Affording 100 Years of Life

The number of Americans living to see their 100th birthday is on the rise.

It is not easy to pay for that many years of retirement. 

According to the Center for Disease Control and Prevention, the number of Americans who lived to be 100 years old increased by 44% between 2000 and 2014. Nevertheless, the total number of living centenarians was still a relatively low 72,197.  

If people retire in their 60s and live to be 100, that is a lot of retirement years for planning.  

Recently, U.S. News & World Report offered some tips for planning for such a long retirement in "How to Finance Living Until 100."  

The advice includes: 

  • Delay Social Security Benefits – Every year you delay taking Social Security past full retirement age increases your monthly benefits by 8 percent.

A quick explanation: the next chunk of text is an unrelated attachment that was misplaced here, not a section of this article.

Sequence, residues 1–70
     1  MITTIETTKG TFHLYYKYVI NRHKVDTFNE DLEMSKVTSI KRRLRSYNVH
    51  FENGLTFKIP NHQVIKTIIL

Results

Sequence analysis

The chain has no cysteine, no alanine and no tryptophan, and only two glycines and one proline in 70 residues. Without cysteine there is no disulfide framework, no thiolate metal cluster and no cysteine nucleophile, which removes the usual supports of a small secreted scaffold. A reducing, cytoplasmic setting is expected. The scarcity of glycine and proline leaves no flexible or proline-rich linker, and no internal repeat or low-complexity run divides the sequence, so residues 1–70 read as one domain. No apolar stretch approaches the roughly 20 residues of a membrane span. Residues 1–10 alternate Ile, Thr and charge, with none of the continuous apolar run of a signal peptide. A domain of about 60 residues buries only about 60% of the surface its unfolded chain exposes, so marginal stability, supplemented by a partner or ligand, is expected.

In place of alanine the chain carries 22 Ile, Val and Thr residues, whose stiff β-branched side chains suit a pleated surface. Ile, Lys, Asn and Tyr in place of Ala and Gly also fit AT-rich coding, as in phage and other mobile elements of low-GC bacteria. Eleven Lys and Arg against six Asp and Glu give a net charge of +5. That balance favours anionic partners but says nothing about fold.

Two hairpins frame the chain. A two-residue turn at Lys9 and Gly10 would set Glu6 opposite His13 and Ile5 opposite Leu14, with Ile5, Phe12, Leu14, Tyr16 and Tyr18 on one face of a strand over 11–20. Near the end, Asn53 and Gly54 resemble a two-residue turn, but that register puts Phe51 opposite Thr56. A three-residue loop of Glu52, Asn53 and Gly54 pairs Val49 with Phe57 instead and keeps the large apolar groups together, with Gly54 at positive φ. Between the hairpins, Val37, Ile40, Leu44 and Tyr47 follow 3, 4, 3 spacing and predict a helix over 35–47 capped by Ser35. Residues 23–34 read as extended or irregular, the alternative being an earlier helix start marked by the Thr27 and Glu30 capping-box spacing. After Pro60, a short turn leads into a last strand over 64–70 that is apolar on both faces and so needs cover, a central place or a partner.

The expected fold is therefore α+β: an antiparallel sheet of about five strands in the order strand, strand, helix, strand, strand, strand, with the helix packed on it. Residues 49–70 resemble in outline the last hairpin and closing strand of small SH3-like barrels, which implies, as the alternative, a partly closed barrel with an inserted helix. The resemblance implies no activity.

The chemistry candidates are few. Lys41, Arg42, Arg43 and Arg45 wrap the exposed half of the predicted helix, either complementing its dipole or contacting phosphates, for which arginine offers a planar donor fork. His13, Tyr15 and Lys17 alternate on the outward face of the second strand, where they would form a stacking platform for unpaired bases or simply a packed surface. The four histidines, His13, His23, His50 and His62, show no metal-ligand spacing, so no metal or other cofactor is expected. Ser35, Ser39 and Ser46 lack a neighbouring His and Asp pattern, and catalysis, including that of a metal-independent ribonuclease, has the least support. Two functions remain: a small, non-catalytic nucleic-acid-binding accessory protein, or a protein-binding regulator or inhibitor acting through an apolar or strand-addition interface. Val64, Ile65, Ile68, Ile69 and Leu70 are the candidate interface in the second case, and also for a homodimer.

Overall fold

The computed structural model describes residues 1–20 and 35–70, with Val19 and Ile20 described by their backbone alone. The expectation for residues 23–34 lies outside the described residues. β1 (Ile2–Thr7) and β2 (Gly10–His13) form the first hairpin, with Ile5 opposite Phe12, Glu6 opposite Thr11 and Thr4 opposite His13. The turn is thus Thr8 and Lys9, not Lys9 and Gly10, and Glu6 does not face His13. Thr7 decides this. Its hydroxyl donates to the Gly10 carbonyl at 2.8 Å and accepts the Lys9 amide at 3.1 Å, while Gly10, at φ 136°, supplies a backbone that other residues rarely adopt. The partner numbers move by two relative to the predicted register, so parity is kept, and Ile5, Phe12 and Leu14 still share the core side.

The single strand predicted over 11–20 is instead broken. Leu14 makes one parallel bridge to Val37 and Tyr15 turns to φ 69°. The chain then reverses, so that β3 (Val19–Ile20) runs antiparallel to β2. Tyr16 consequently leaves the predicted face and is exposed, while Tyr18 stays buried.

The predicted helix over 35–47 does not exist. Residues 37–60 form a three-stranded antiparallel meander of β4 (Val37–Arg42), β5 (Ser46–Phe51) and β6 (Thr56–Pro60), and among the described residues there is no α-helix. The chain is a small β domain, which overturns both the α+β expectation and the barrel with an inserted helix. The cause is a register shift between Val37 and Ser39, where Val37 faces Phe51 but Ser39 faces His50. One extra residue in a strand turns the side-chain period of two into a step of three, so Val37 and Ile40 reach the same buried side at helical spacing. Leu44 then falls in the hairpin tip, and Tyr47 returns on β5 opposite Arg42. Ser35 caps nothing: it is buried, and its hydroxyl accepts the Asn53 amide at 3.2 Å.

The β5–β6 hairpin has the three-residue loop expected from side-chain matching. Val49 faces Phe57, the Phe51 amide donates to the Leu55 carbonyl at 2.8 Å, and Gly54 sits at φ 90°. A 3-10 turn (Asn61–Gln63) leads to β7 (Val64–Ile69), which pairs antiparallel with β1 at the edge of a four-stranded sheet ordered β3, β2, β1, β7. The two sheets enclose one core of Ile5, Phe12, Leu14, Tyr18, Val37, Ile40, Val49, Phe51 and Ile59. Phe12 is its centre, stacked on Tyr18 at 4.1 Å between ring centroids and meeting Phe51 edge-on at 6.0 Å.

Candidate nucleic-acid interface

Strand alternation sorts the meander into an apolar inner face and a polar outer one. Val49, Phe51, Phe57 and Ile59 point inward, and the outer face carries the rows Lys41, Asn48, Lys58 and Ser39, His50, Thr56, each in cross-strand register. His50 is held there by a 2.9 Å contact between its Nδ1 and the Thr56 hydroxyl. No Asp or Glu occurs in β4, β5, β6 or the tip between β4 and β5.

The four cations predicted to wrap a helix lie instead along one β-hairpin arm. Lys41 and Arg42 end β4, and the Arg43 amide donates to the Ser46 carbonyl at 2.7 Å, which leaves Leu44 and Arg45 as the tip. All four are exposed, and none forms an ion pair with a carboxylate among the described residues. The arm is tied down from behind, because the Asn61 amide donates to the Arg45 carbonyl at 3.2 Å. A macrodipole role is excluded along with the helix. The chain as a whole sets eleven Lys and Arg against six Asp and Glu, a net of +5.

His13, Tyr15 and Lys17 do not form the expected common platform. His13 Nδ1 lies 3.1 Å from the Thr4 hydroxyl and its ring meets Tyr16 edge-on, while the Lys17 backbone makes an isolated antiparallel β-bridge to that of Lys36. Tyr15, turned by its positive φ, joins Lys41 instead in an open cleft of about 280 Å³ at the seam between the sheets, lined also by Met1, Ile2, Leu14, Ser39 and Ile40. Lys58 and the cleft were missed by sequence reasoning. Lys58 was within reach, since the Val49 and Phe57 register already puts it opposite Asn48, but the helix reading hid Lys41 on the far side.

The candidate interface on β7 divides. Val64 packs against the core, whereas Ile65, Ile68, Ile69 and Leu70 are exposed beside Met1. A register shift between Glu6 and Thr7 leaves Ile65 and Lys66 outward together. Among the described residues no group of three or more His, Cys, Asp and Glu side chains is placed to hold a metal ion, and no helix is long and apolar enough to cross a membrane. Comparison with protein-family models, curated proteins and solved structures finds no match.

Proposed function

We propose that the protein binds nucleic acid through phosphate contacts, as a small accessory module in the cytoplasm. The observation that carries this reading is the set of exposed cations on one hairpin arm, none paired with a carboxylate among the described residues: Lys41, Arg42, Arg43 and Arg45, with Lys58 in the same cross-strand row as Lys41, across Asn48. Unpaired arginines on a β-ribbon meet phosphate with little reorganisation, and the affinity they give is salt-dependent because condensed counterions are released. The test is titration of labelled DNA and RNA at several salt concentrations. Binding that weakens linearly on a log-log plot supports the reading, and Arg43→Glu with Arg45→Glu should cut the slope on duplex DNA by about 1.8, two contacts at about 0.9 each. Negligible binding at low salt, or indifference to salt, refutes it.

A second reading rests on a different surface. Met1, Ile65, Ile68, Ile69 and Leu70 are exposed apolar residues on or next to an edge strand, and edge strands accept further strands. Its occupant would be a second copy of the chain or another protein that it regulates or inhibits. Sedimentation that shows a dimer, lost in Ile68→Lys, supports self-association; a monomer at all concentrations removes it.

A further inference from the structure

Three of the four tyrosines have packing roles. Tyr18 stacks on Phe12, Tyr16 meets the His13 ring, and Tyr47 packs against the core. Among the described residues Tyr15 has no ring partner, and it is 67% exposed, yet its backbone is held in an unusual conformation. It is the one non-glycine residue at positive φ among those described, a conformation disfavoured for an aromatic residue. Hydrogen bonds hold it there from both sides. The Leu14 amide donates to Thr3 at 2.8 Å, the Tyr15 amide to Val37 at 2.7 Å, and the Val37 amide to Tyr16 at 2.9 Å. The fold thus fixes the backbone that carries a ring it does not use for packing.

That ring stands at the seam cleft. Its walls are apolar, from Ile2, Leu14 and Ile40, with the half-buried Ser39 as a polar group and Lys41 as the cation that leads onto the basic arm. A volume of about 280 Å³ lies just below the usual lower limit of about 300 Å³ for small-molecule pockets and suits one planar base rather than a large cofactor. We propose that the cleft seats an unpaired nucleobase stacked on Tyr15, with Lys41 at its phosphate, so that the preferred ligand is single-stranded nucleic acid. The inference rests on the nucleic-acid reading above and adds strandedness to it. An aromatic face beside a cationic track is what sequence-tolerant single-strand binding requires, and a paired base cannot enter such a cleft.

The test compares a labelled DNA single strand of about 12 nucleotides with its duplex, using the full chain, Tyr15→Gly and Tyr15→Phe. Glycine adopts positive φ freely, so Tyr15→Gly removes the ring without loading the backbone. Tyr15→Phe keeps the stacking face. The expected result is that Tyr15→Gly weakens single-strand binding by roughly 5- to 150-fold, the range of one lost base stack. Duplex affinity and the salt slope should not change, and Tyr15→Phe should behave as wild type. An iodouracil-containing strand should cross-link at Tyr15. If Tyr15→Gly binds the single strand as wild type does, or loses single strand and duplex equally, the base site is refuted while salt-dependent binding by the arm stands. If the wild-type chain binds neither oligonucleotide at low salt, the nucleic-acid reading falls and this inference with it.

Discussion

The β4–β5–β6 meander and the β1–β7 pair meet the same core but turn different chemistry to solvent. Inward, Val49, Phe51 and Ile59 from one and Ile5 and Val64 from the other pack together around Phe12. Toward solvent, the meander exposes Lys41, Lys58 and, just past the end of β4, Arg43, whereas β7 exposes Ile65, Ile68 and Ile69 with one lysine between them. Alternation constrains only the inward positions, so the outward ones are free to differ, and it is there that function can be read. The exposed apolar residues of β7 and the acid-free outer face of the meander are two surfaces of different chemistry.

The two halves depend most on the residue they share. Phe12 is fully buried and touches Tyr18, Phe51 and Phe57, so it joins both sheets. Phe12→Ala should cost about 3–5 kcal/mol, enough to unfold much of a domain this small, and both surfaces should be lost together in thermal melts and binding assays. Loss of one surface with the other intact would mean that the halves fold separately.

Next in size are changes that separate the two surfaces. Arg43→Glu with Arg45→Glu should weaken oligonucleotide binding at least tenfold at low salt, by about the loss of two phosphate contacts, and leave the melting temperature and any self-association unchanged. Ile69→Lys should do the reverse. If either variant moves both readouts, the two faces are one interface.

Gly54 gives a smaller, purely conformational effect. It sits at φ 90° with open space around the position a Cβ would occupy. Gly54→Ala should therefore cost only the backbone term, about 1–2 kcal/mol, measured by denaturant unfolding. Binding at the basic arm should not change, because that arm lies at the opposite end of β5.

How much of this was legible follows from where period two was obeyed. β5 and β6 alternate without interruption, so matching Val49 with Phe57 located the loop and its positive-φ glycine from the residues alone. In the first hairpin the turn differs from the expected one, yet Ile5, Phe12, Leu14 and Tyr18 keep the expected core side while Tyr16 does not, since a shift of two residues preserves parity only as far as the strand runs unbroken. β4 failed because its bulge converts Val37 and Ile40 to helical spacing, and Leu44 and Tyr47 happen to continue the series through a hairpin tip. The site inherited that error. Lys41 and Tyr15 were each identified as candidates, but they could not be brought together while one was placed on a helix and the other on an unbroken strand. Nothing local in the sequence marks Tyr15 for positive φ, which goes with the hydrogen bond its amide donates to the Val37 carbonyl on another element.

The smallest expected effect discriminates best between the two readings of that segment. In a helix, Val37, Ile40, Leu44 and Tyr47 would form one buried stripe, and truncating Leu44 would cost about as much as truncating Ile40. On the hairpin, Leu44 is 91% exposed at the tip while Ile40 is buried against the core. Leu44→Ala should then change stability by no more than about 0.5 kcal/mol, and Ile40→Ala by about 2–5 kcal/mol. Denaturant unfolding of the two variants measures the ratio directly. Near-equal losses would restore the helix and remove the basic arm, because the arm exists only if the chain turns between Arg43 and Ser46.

• Be Wary of Inflation – Invest in assets that are either guaranteed to keep up with inflation or have historically done so. 
  • Get A Pension – If you have a job that offers a pension, then you will have more money to spend during retirement. 
  • Get an Immediate Annuity – While they are not right for everyone, getting an immediate annuity will allow you to receive regular payments no matter how long you live. 
  • Draw Down Slowly – When you do retire, be as conservative as possible in drawing down your retirement savings. 

It is still unlikely that any particular person will live to be 100. However, it is always good to plan for the contingency that you might be one of the lucky few.  

If it turns out that you do not live that long, the assets will not be wasted as long as you get an estate plan that appropriately passes the assets on to younger family members. 

Reference: U.S. News & World Report (Jan. 22, 2016) "How to Finance Living Until 100." 

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